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Quern-stones

Updated: Mar 18, 2021

Porridge and bread were by far the two most important elements in the Viking Age and medieval diet. The main ingredient was barley, and to some extent also rye, oats, and wheat. To make the grain digestible as food, however, required careful preparation; the grain had to be crushed or ground. When only the hull was crushed, the resulting grain was suitable for boiling. To bake bread, the grains had to be broken down more finely, which could be done by grinding in a quern or mill.

Creating the daily bread of the Vikings in Southern Scandinavia




Grain was normally kept un-ground on the farm. It was only ground when it was to be used, and then only as much as was needed for the moment, to bake bread or make porridge. This meant that grinding was a recurrent job in most households. The quern must have had to be rotated daily, or at least several times a week. It is reasonable to assume that the quern was one of the most central points in the household, fully comparable to the well and the hearth.

Bread was typically made from unleavened barley flour ground in stone querns . The handle of the quern was used to rotate the top stone over the bottom stone, grinding the grain between the stones. In Iceland, lava querns were used, which produced finer flour. Stone chips from querns have been found in recovered flour, so the bread must have made for a gritty repast. You’ll be posting loads of engaging content, so be sure to keep your blog organized with Categories that also allow visitors to explore more of what interests them.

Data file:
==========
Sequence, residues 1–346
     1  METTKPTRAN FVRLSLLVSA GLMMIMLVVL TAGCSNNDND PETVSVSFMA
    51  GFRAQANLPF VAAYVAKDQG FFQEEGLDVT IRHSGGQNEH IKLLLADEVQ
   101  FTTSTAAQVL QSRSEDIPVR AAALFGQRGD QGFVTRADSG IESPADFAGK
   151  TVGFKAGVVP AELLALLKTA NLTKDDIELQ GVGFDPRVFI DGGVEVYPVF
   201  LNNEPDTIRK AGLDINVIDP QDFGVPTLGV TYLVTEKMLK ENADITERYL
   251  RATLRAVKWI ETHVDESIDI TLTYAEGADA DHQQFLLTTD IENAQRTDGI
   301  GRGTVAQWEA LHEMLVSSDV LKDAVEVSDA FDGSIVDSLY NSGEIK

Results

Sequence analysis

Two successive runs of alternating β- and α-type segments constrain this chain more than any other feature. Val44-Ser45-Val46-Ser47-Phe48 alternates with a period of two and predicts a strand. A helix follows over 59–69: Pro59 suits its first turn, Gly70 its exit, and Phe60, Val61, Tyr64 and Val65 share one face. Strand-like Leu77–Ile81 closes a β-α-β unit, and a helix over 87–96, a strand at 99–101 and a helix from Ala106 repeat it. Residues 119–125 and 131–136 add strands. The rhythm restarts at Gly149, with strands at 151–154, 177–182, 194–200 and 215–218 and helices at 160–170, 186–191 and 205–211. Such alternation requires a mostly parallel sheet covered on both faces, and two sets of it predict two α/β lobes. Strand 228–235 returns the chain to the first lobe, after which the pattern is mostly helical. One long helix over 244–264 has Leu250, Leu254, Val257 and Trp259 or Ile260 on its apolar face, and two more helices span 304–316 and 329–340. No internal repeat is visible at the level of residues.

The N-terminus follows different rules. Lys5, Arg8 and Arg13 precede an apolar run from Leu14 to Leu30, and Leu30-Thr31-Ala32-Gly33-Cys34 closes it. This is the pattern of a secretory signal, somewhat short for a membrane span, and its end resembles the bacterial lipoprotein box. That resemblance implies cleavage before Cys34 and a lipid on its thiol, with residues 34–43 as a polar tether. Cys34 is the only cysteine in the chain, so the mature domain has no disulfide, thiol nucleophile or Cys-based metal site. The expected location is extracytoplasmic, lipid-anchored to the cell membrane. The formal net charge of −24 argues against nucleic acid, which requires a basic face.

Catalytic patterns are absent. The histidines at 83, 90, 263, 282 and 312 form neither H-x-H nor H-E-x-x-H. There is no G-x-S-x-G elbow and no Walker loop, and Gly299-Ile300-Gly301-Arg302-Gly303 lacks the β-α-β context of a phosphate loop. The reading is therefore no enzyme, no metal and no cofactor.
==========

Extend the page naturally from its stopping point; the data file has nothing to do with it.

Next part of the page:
It seems likely that women prepared and served the food in the home. There is one example in the sagas of a man preparing food at home who was mocked for it (Vatnsdæla saga chapter 44), although the sagas suggest that away from home, men prepared their own food (for example, at assemblies, on-board ship, and at game festivals).


Norse families ate two meals per day: dagverðr at mid-morning, and náttverðr in the evening. Most families had a table of some sort, and wealthy families used a linen tablecloth. Meats were served on wooden trenchers and eaten with one's personal knife. Stews, porridge, and similar items were served in wooden bowls and eaten with wooden or horn spoons (right). A reproduction of a wooden serving bowl is shown to the left. Shells were used for ladles and spatulas.

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